RMANJ Fellow Wins Award for Research into Declining Total Motile Sperm Count
Reproductive Medicine Associates of New Jersey (RMANJ) second year fellow Dr. Ashley Tiegs received the Traveling Scholar Award from the Society for Male Reproduction and Urology, typically awarded to training urologists, at this year’s annual American Society of Reproductive Medicine (ASRM) meeting for research that found declining total motile sperm count in men presenting for fertility treatment.
Research: Total Motile Sperm Count
Dr. Tiegs, who conducted the retrospective study with RMANJ’s Dr. Jim Hotaling and several other investigators, looked at the total motile sperm count (TMSC) of 119,972 men presenting for testing at either RMANJ or IVI clinics, located in New Jersey and Spain, between 2002 and 2017. The study was the largest evaluation of semen analyses to date, and aimed to shed more light on declining sperm counts worldwide. Studying sperm counts is vital because male factor infertility accounts for about half of all infertility cases.
Although there are two other ways to measure sperm health – total sperm count and sperm morphology – the most important parameter which predicts likelihood of achieving pregnancy is TMSC.
By studying TMSC in men presenting for fertility treatment, something that had never been done before, Dr. Tiegs could determine if declining sperm counts were clinically relevant. In other words, did the decline drop below a threshold at which treatment is potentially required?
The research showed it did.
Results: Total Motile Sperm Count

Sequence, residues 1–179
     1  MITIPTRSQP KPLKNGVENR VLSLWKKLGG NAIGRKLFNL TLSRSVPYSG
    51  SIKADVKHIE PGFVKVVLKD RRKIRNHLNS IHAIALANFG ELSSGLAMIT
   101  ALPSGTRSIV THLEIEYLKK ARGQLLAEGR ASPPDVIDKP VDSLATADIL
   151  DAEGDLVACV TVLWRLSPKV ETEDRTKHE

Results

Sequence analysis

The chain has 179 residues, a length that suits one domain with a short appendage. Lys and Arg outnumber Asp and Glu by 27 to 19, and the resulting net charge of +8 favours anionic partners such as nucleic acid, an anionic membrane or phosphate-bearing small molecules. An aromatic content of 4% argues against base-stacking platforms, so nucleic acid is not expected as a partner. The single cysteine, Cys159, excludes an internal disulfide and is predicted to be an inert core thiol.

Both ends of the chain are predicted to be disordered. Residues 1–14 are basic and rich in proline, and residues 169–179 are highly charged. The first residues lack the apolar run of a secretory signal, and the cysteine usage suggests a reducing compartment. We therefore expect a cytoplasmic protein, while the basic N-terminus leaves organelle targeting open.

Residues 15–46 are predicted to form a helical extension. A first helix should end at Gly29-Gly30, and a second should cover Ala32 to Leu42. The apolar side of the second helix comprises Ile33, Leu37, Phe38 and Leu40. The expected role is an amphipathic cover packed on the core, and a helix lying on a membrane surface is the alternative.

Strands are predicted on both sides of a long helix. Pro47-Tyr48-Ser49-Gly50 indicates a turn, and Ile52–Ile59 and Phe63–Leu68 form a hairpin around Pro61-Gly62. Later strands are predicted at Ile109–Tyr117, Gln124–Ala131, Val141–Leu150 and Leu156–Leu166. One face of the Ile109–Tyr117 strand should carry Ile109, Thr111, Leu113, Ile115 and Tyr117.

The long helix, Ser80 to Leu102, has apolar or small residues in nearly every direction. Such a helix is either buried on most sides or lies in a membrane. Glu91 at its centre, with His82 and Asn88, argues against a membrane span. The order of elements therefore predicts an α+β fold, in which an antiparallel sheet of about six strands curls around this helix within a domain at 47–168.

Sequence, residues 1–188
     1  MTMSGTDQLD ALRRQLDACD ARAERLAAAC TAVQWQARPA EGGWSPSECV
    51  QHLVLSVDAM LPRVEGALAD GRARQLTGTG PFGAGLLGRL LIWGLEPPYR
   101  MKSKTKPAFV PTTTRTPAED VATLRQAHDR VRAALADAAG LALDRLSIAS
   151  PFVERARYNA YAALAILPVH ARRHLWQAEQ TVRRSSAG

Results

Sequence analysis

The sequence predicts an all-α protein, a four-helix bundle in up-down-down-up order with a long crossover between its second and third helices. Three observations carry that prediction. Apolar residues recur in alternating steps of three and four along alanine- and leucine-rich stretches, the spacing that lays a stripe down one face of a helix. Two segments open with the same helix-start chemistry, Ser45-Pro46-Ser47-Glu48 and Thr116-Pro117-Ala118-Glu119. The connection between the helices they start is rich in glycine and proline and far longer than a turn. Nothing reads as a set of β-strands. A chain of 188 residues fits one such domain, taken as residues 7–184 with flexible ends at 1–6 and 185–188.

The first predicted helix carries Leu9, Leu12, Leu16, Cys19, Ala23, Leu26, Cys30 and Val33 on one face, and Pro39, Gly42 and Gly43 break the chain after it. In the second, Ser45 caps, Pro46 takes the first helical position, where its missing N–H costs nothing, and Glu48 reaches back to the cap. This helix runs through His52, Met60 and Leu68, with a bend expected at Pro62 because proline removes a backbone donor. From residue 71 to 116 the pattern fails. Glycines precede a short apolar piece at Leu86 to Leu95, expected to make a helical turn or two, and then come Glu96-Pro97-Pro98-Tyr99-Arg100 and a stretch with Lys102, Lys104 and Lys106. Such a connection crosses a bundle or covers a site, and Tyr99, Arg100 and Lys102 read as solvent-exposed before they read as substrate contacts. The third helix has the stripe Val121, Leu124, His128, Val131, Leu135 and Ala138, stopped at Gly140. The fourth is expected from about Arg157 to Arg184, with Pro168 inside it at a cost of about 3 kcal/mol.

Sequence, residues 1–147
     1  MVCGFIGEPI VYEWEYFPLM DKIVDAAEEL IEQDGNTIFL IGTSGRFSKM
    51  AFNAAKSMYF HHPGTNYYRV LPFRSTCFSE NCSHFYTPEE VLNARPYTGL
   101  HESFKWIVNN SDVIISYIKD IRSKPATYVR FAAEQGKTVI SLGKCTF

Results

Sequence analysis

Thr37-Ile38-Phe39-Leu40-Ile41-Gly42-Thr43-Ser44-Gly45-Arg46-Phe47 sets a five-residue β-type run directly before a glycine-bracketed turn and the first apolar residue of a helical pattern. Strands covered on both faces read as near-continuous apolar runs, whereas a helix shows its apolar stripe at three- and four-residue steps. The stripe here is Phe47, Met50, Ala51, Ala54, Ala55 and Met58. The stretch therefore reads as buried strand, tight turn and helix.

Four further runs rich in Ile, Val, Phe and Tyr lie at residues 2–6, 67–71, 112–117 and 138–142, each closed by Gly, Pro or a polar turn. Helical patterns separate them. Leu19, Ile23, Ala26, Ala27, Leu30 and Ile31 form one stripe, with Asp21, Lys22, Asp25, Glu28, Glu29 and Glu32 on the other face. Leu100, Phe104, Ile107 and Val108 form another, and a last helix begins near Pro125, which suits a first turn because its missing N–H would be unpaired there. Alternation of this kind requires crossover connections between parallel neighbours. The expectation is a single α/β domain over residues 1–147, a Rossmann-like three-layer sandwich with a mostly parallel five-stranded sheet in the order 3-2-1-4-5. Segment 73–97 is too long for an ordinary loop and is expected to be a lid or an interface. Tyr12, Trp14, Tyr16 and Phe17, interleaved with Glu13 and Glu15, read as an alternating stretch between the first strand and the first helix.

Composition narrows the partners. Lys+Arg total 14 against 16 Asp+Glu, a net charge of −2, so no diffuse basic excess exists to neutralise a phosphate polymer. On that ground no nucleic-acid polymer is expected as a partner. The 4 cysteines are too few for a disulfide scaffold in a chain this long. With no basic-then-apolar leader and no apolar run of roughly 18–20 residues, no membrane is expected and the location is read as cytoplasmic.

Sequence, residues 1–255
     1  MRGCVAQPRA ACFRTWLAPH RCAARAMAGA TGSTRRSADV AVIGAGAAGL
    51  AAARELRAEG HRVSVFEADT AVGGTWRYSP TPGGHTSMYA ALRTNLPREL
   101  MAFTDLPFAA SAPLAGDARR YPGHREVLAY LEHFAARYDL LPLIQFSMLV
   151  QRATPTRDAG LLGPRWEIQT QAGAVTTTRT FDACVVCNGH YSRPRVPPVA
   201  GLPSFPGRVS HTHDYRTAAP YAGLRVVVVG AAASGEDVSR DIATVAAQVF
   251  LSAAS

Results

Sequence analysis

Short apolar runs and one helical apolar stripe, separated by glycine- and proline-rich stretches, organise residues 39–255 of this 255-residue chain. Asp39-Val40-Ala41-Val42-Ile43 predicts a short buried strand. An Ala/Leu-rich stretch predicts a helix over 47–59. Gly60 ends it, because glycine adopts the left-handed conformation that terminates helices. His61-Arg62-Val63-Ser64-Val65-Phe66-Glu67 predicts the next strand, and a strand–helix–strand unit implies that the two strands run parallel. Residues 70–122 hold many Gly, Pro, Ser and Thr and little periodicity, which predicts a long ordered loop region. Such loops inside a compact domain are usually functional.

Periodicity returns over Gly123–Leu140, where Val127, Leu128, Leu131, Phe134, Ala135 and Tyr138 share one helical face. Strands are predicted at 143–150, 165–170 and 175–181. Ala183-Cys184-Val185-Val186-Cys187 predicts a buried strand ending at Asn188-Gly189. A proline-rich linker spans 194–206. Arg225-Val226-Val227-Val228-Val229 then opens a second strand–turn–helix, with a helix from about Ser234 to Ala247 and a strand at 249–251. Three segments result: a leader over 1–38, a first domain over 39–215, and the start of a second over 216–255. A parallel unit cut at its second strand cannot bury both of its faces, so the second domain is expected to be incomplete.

Dr. Tiegs separated the data into three groups: men with TMSC greater than 15 million sperm, numbers which would not necessitate fertility treatment in and of itself; men with TMSC between five and 15 million, who would be at risk of requiring a minor fertility treatment such as intrauterine insemination (IUI); and men with TMSC between zero and five million, who would be at risk of requiring in vitro fertilization (IVF), possibly with intracytoplasmic sperm injection (ICSI), to achieve a pregnancy.
Because the study consisted of one sample for each man and participants were not retested over time, Dr. Tiegs and colleagues used a regression analysis to study changes in membership within these treatment-associated TMSC groups over time. Her research found that there was a shift in the proportion of men within these groups over time: the percentage of patients in the group with normal TMSC declined over time (i.e., patients requiring no insemination treatment, barring other female factors), while the proportion of men in the group with severely low TMSC (and therefore, at high risk of requiring insemination treatment) increased over time.
Specifically, Dr. Tiegs found that the proportion of men with normal TMSC declined by nine percent (87.6 to 78.7%) over the course of the study (2002-2017). Conversely, the proportion of men at risk of requiring fertility treatment grew over time: the percentage of men with abnormal total motile sperm count presenting for treatment grew from 12.4% in 2004 to 21.3% in 2017.
With such findings indicating that men are increasingly at risk of requiring fertility treatment over the past one and a half decades, we have to wonder: why?
Decreasing TMSC over time due to an increasing age of male patients presenting for care over the years was ruled out, as the average age of men presenting to the clinics remained the same throughout the study period. Although the study did evaluate causes of the declining total motile sperm count trend, Dr. Tiegs says that perhaps the TMSC differences seen in this study were simply due to differing referral patterns over time. Alternatively, much research exists regarding the adverse effects of toxic lifestyle and environmental influences on sperm quality, but how big a role each contributing factor plays is not completely understood. Environmental factors that have been investigated include endocrine disrupting chemicals, such as plasticizers like bisphenol and phthalates, polychlorinated biphenyls (PCBs), which are used to make electrical equipment, and pesticides. As the etiology of this declining TMSC trend remains only speculation, continued investigations into factors that may adversely affect sperm quality are warranted.